As India commemorates 75 years of independence this year, I thought I’d share my thoughts on a particular gift that the British brought to India from China and left it for us to savour, serve and share with the world.
I am talking about tea. It was first discovered by the British in China and brought to India in the 1830s and planted on Indian soil. Unlike the Americans who threw crates of the precious elixir into the sea in the famous Boston Tea Party, Indians took to it like water. Strangely enough, the Chinese and Indian words for the drink are also similar: cha in China, and chai in India.
Grown on the terraces of mountains in Darjeeling in West Bengal, in Assam and also in the Nilgiris in South India, tea has become a staple of Indian beverages. For most of the country, it represents waking up to a new day and is also the sign of Indian hospitality. A guest who visits one’s home is always offered water, followed by a cup of hot tea.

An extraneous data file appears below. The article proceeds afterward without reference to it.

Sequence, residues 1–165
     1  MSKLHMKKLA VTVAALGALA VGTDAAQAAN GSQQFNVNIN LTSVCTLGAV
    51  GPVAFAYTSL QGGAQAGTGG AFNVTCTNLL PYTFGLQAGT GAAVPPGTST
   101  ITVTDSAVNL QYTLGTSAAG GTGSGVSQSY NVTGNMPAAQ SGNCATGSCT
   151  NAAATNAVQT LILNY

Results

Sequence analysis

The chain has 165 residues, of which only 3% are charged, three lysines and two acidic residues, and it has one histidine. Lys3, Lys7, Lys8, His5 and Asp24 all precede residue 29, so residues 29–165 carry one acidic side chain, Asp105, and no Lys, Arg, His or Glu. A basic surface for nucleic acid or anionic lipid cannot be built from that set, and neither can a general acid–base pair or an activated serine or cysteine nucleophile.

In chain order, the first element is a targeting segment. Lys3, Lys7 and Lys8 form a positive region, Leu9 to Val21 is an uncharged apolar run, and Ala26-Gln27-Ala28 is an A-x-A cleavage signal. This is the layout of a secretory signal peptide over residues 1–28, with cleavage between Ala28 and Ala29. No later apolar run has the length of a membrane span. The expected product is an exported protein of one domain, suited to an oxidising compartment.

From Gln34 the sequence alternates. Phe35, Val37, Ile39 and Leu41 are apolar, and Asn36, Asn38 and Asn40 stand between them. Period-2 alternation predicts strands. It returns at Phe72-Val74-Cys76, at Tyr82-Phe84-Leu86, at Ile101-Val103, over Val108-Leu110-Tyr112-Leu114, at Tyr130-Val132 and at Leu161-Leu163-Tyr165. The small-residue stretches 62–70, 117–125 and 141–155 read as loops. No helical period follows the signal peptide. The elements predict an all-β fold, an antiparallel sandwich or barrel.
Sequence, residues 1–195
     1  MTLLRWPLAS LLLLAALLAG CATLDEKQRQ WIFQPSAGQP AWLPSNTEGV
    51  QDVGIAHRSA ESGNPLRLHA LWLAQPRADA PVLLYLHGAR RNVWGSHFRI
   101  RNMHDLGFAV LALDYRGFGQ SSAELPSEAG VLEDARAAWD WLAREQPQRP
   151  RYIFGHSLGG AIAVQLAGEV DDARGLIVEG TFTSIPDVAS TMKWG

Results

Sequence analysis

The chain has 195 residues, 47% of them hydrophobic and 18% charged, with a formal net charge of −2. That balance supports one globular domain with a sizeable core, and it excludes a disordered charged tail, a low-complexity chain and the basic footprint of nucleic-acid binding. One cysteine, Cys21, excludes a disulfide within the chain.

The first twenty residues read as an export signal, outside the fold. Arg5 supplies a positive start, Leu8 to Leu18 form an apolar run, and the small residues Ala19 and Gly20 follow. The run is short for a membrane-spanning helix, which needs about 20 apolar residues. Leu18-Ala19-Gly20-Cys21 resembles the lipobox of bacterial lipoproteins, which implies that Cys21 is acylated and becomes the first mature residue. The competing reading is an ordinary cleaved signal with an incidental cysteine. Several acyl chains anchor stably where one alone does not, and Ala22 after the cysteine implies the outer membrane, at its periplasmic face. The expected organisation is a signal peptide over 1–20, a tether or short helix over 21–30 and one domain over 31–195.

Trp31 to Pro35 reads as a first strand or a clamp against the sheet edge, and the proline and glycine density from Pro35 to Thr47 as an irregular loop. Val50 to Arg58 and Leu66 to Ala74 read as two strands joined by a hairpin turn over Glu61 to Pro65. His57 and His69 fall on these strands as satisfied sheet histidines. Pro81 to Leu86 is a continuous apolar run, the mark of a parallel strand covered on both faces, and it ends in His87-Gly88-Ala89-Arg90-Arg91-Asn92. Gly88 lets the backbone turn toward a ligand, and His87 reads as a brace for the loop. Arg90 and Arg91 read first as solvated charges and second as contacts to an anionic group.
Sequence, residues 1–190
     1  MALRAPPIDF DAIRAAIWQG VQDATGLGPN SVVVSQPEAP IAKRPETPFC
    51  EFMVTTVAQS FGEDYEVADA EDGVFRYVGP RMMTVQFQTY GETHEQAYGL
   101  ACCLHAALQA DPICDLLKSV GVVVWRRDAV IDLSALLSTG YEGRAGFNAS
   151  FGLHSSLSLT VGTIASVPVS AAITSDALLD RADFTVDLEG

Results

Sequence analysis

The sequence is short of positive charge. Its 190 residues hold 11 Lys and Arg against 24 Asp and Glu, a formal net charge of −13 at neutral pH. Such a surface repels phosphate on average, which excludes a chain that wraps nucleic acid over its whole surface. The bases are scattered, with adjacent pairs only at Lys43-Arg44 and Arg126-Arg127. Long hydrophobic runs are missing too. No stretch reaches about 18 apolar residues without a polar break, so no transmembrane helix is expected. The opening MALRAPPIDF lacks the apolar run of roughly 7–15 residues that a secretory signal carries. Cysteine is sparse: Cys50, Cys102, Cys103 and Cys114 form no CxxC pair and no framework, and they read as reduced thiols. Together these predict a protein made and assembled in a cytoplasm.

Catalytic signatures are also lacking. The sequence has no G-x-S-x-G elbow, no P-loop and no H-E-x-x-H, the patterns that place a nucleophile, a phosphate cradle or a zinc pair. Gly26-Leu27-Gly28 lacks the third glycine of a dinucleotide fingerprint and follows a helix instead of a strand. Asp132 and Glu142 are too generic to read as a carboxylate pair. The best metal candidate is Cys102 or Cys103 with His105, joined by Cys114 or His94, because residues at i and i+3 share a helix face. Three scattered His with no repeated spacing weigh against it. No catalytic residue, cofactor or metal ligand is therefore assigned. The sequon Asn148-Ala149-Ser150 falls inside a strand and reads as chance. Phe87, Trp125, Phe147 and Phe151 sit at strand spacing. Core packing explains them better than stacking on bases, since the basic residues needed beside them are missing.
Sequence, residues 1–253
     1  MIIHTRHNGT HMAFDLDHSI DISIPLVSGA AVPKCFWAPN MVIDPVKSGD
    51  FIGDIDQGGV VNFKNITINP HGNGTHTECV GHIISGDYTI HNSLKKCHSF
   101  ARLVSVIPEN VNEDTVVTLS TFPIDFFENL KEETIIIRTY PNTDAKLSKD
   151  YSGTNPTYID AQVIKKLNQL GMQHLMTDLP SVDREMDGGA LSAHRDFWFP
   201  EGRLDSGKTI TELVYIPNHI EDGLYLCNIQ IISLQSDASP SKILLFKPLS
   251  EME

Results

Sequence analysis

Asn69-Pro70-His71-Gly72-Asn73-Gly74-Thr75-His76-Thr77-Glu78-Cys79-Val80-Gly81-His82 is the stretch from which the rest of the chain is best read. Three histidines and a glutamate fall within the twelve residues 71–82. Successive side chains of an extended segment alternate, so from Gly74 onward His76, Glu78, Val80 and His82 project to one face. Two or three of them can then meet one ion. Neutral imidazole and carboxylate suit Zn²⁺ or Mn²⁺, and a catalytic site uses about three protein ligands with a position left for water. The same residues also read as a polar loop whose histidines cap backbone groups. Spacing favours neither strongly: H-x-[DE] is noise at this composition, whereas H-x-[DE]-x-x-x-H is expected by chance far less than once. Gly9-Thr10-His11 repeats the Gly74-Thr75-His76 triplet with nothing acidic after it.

I believe that Indian teas are some of the world’s finest; indeed, Darjeeling teas are often referred to as the Champagne of teas. There are so many varieties within this wonderful drink, from first flush, to second flush to CTC (crush, tear and curl) blends and so much to discover in flavour and colour that tea as a beverage is an important part of brand India.
Tea, its making and its consumption can be an education in the same sense that whisky and wine appreciation are. And when coupled with travel to the tea growing and processing regions, it can be an altogether new way to experience India and Indian tea.
For now, though, let me leave you with the thought that the next time you make yourself a cup of tea, remember there is an entire world of this elixir that you might not have discovered yet. Enough to stir you into some galavanting?!